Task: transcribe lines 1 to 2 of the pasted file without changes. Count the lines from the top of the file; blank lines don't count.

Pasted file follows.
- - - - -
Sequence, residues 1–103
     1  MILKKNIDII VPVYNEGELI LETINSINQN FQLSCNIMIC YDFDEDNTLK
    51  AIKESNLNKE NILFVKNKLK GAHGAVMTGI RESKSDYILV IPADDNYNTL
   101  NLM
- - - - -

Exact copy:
Sequence, residues 1–103
     1  MILKKNIDII VPVYNEGELI LETINSINQN FQLSCNIMIC YDFDEDNTLK